What We're Reading

Making water:

Bowman said his company’s machines — made for use at homes, offices, ranches and elsewhere — dehumidify the air and in doing so create water that’s filtered to make it drinkable.

The technology works especially well in foggy areas and depending on the size can produce between 200 and 1,900 gallons (900 and 8,600 liters) of water a day. The machines also operate efficiently in any area with high humidity, including California’s coastline, he said.

Malaria:

The world has gained a new weapon in the war on malaria, among the oldest known and deadliest of infectious diseases: the first vaccine shown to help prevent the disease. By one estimate, it will save tens of thousands of children each year.

Collections:

I like to collect the cashflows of the best businesses in the world. I pile them up high in my accounts, adding to them when values fall, automatically buying more when dividends and distributions are paid out. My collection gets larger every year. I can’t touch it. I can’t hold it. It’s virtual, it’s digital, it lives in the online environment created by the brokerage firms and exchanges. There are many collections like it, but this one is mine. I count up the cashflows coming my way when I’m in a bad mood and that makes me happy again. I think everyone should collect the things that make them happy.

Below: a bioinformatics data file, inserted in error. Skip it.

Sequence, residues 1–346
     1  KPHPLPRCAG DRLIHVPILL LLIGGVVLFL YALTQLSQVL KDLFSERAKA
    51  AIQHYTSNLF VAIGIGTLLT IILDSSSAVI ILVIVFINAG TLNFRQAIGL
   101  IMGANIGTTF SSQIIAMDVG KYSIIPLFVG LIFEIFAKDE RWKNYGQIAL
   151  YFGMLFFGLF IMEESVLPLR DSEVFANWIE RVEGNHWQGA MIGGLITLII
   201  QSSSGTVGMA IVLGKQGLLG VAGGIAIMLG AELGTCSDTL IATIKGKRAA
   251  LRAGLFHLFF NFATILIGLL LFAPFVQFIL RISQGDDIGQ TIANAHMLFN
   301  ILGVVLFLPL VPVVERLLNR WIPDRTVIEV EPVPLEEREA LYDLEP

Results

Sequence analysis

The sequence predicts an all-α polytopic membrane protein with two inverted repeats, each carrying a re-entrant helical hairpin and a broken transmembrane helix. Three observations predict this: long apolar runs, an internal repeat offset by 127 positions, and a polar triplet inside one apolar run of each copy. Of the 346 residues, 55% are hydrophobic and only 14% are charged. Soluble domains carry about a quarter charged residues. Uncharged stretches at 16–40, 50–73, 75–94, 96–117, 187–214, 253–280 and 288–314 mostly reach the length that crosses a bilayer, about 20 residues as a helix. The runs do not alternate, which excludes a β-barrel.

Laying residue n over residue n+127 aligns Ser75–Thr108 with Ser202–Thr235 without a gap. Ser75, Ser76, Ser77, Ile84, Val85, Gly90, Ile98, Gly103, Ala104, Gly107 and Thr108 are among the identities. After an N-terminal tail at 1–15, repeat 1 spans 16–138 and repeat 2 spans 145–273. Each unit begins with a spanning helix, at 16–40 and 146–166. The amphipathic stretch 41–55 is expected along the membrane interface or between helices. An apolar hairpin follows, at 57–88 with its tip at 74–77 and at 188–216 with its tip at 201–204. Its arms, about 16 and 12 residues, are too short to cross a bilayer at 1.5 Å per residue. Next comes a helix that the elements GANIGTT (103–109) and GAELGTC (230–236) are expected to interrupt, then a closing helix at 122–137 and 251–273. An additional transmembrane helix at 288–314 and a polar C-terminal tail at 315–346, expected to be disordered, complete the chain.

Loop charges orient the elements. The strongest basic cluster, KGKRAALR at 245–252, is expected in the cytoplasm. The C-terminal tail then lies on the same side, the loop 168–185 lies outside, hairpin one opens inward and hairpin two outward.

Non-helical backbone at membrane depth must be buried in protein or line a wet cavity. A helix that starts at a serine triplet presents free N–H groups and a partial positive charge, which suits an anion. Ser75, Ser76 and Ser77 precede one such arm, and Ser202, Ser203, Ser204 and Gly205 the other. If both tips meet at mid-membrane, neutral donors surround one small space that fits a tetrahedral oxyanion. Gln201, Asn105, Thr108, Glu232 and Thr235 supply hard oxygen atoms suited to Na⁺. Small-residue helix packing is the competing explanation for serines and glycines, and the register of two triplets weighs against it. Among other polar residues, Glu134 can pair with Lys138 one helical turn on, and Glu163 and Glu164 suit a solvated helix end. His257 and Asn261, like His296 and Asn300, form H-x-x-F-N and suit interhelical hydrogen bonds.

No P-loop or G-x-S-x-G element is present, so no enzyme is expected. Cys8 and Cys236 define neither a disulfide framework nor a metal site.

Back to the office:

Griffin said many employees in Corporate America haven’t returned because their bosses are afraid to tell them to do so.

“If you talk to other CEOs, they live in fear of how we’ll be publicly persecuted from delivering the straightforward message: It’s time to go back to work,” he said.

Risk:

In 1987, the Safer was redesigned as a floating storage-and-off-loading facility, or F.S.O., becoming the terminus of a pipeline that began at the Marib oil fields and proceeded westward, across mountains and five miles of seafloor. The ship has been moored there ever since, and recently it has degraded to the verge of collapse. More than a million barrels of oil are currently stored in its tanks. The Exxon Valdez spilled about a quarter of that volume when it ran aground in Alaska, in 1989.

Have a good weekend.

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